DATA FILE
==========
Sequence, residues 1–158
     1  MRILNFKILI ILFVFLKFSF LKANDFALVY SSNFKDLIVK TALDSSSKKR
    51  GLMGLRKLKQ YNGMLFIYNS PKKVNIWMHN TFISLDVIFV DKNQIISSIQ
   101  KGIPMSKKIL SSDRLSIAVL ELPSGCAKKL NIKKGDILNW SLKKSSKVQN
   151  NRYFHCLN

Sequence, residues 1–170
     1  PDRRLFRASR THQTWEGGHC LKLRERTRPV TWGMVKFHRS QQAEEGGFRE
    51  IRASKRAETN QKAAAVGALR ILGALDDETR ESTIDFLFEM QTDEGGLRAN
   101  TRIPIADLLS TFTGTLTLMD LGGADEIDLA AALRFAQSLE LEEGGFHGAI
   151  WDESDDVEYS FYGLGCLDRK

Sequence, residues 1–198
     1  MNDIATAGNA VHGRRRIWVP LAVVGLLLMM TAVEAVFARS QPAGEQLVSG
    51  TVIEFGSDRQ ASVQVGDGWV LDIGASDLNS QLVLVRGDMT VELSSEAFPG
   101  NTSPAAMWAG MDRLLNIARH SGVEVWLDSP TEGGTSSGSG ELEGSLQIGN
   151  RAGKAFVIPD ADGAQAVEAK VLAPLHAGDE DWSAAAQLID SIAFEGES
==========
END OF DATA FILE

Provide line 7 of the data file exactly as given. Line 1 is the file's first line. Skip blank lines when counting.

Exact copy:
     1  PDRRLFRASR THQTWEGGHC LKLRERTRPV TWGMVKFHRS QQAEEGGFRE